15% is all that was convicted of misdemeanor metro cases in Bernalillo County. … It’s not working.  It’s not even close to working. That is unacceptable at every level. I’m not placing blame on anyone. But enough is enough.We want cops to be cops and by making them be prosecutors it takes cops off the streets People should be able to go to the store without being afraid. Business owners are also fed up. … We think these new changes will hold repeat shoplifters accountable.The days of shoplifting without consequences are over in Bernalillo County. … Residents of Bernalillo County have made it clear, they have had enough.”

DA Bregman said he knows shoplifting is often a means to feed drug addiction, so his office will also offer diversion programs and ways for people to get out of the criminal justice system. However, he says if people continue to shoplift, even small items, prosecutors will seek jail time.


It was during the 2023 New Mexico legislative session that House Bill 234 was passed. The legislation creates a new category of “organized retail crime” and stiffens penalties for organized theft of store merchandise.  Retailers have highlighted losses from coordinated pilfering.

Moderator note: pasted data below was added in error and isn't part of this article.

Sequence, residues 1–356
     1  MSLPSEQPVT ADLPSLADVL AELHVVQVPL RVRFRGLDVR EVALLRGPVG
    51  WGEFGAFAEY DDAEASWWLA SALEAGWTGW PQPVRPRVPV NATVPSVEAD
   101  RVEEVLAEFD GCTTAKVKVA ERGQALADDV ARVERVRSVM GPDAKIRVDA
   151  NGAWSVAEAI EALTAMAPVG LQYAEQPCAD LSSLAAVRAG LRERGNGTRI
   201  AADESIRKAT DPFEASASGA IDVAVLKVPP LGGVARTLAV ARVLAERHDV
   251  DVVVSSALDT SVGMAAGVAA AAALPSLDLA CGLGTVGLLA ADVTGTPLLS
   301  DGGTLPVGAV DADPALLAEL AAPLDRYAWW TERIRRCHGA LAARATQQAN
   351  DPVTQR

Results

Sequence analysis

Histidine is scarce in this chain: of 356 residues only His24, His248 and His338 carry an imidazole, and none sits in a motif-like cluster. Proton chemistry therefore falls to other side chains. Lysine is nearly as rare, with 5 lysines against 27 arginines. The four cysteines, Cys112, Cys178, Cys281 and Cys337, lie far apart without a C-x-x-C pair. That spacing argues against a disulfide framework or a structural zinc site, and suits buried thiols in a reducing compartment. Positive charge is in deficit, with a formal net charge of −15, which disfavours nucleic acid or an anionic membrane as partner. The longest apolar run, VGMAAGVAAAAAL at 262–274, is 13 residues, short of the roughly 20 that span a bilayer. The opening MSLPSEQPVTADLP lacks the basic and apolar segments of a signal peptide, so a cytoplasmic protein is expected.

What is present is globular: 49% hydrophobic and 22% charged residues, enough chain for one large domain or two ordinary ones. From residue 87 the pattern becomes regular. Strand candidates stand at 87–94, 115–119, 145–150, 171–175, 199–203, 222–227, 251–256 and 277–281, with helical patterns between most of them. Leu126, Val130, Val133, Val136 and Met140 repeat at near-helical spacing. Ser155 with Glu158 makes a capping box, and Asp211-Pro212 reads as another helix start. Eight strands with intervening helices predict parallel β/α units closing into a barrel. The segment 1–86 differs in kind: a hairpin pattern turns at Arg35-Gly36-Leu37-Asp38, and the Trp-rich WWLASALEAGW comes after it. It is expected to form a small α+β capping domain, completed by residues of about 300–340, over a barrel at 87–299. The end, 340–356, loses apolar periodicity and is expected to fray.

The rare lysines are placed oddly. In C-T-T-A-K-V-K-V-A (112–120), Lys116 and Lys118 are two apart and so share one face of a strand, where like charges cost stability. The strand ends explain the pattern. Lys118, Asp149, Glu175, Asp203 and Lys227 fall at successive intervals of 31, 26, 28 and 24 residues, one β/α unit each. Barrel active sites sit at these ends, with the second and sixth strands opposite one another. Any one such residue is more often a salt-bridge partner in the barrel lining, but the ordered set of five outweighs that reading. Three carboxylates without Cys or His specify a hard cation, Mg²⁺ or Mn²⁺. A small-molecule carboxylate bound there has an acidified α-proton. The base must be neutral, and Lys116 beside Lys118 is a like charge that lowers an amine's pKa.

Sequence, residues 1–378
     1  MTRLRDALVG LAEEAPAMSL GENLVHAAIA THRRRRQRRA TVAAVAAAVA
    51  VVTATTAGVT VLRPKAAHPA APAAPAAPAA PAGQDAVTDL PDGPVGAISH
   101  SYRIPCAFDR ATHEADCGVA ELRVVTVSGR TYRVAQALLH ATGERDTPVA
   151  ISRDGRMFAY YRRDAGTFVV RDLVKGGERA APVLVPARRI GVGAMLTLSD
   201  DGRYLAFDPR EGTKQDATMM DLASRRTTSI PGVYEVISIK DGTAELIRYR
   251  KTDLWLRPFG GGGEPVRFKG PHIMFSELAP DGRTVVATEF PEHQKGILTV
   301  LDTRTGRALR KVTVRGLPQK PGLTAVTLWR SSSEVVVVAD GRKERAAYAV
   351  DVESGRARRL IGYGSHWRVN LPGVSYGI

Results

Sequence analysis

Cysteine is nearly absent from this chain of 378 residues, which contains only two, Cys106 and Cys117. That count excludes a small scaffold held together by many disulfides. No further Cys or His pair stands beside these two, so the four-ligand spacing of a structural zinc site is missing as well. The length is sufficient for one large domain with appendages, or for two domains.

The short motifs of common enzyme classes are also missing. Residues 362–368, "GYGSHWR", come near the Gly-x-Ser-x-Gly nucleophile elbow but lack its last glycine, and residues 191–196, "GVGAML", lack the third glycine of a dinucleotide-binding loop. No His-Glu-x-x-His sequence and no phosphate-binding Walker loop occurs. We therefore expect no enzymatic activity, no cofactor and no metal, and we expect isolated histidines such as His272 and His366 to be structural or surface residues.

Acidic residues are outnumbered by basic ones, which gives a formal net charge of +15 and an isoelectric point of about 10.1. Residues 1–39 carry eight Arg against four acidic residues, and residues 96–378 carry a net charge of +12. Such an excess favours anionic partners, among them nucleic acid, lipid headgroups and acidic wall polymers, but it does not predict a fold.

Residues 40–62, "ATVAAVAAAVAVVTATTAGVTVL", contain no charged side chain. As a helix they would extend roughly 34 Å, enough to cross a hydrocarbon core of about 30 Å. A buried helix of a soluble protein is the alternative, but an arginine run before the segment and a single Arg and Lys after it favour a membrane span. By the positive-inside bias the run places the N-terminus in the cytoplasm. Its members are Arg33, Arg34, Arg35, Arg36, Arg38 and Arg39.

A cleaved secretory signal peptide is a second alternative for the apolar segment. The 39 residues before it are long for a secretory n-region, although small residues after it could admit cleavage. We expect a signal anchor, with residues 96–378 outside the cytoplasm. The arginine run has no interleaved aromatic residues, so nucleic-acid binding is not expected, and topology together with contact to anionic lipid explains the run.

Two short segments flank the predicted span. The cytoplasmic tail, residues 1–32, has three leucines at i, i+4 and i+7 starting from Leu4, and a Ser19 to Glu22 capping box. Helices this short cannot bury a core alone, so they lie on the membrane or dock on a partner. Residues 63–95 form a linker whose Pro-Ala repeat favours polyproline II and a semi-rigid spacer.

The new law gives District Attorneys the ability to aggregate the total retail market value of merchandise shoplifted by an individual who does it more than once during a 90-day period. The result is that a misdemeanor charge can turn into a fourth-degree felony or greater, depending on the value of the merchandise stolen.

House Bill 234 went into effect in July 1.  DA Bregman said his  office has charged 23 cases as felonies and will continue to utilize the new law to actively prosecute future cases. In those 23 cases, Bregman said his office filed for pretrial detention for 5 individuals and had 4 granted.